Then, for the first time, the authors go beyond the men’s rescue to chronicle Indianapolis’s extraordinary final mission: the survivors’ fifty-year fight for justice on behalf of their skipper, Captain Charles McVay III, who is wrongly court-martialed for the sinking. What follows is a captivating courtroom drama that weaves through generations of American presidents, from Harry Truman to George W. Bush, and forever entwines the lives of three captains—McVay, whose life and career are never the same after the scandal; Mochitsura Hashimoto, the Japanese sub commander who sinks Indianapolis but later joins the battle to exonerate McVay; and William Toti, the captain of the modern-day submarine Indianapolis, who helps the survivors fight to vindicate their captain.
A sweeping saga of survival, sacrifice, justice, and love, Indianapolis stands as both groundbreaking naval history and spellbinding narrative—and brings the ship and her heroic crew back to full, vivid, unforgettable life. It is the definitive account of one of the most remarkable episodes in American history.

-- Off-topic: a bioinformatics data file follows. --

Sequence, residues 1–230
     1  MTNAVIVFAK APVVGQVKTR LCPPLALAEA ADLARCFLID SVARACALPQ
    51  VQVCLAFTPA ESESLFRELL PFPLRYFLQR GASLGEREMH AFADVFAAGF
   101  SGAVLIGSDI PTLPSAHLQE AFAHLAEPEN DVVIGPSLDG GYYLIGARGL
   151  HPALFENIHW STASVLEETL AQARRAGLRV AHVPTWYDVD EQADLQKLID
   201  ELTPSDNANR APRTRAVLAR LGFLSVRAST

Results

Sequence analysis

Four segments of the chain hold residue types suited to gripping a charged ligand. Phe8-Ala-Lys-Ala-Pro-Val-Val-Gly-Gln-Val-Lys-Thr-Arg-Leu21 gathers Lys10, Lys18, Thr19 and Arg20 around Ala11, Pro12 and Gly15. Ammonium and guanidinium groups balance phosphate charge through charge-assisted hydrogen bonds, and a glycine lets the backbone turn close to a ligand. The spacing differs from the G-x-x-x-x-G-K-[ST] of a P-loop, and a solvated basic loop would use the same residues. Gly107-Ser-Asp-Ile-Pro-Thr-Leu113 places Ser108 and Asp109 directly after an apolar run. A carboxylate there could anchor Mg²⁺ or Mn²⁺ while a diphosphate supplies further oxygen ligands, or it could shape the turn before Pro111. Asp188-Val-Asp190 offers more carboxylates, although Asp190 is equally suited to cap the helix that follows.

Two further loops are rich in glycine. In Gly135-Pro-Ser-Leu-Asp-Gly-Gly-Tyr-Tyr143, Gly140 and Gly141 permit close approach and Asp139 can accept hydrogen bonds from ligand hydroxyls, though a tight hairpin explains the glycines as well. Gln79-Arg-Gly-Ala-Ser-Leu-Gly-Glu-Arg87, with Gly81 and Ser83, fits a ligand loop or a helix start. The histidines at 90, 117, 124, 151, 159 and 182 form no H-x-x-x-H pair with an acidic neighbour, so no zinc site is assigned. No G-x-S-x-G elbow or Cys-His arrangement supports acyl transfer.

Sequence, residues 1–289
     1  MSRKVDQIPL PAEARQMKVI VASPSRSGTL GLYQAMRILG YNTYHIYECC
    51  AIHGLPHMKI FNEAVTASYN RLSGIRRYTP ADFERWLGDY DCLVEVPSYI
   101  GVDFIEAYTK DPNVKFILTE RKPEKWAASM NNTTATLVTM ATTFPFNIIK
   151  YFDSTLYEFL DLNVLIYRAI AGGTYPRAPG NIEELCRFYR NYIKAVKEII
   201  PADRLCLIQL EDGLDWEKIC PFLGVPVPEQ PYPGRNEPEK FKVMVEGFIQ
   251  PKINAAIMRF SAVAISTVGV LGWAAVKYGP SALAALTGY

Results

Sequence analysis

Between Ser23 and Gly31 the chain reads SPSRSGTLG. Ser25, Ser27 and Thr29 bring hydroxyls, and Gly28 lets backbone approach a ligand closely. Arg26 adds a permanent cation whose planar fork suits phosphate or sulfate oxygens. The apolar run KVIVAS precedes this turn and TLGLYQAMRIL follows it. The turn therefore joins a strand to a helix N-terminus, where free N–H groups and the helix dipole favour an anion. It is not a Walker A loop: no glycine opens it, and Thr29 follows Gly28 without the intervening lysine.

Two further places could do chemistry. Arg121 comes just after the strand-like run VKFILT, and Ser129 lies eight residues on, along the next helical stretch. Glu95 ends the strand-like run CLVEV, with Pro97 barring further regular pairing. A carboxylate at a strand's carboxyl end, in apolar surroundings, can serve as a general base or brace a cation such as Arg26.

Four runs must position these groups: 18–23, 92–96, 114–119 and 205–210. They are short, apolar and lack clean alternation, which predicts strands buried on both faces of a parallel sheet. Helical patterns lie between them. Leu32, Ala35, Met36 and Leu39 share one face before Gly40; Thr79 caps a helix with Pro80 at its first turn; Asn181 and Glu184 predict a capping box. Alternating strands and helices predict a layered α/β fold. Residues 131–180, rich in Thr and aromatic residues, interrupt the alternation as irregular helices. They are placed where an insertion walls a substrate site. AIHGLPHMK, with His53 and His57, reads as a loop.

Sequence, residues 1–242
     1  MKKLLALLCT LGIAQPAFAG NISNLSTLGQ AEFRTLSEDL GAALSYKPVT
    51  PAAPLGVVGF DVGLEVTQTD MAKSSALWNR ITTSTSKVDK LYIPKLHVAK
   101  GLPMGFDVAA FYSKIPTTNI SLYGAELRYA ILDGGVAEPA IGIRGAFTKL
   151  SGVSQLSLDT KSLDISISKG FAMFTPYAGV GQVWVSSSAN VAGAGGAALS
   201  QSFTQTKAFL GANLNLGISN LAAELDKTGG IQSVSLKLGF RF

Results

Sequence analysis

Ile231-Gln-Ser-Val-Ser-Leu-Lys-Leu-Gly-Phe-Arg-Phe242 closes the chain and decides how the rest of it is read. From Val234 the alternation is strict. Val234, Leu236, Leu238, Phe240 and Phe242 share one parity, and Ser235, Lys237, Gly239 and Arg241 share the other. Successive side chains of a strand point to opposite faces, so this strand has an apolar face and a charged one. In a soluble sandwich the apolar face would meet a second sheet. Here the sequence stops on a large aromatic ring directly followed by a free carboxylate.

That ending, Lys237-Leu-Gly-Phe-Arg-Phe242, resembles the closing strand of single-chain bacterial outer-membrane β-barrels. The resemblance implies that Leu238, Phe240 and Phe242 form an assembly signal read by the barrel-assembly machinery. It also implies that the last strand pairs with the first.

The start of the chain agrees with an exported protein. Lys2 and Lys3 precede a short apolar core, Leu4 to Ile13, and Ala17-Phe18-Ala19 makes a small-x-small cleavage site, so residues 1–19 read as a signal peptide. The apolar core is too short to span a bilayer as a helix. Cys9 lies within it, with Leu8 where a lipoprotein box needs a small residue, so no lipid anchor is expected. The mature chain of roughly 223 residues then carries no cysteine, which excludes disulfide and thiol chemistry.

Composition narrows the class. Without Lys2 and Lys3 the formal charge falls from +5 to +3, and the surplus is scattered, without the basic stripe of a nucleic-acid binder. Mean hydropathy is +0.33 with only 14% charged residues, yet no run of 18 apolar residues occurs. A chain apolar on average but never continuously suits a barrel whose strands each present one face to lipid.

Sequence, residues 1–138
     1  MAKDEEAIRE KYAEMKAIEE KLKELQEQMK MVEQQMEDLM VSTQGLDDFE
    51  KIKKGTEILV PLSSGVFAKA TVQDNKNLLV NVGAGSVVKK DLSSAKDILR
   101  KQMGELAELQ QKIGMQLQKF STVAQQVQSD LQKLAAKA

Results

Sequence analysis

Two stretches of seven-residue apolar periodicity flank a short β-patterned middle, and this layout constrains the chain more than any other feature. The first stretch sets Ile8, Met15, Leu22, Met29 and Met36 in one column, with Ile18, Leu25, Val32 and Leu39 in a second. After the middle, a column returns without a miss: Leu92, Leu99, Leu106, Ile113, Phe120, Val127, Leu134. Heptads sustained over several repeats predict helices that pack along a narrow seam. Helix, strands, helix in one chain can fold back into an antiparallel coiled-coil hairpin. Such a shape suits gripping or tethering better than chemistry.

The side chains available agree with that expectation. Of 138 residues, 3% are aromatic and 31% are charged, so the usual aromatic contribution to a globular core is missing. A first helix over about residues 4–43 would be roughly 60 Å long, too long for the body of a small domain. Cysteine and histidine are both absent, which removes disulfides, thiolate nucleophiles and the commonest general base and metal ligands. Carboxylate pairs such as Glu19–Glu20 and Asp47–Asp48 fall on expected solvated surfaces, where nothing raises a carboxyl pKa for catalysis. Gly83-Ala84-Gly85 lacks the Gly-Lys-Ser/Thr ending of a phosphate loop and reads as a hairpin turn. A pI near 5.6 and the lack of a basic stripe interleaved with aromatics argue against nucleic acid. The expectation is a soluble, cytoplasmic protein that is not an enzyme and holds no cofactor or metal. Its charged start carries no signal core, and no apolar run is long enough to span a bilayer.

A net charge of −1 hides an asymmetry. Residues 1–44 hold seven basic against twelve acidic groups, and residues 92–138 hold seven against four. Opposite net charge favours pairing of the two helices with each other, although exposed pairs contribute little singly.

"Indianapolis: The True Story of the Worst Sea Disaster in U.S. Naval History and the Fifty-Year Fight to Exonerate an Innocent Man" Reviews
Phenomenal, engrossing, riveting, devastating---all of these (and more) apply to Vincent's book about the USS Indianapolis. Following the ship from just a little while before it was attacked by a Japanese sub and ending as recently as last year, Vincent has arranged an amazingly coherent narrative that gives intricate insight into mission details, the actions and personalities of the crew, and pointed answers, almost in a paint-by-numbers fashion, as to just how the sinking of this ship blossomed into such an untold catastrophe.
It would be easy to focus for the most part on the men's struggles at sea (as that is the most publicized part); I mean, isn't that right? As the book is quick to point out, a great majority of today's awareness of the ship comes from the film Jaws, and I'll raise my hand to that effect, as I'm definitely one among that particular crowd. Vincent seems to be quite aware of the fascination of this part of the story, and gives it proper due without giving in to the temptation of sensationalizing the ordeal. Many pages will be turned over to reveal heart-wrenching deaths, survival against the odds, and humbling conclusions that further cement these men (and their loved ones) as champions beyond comprehension.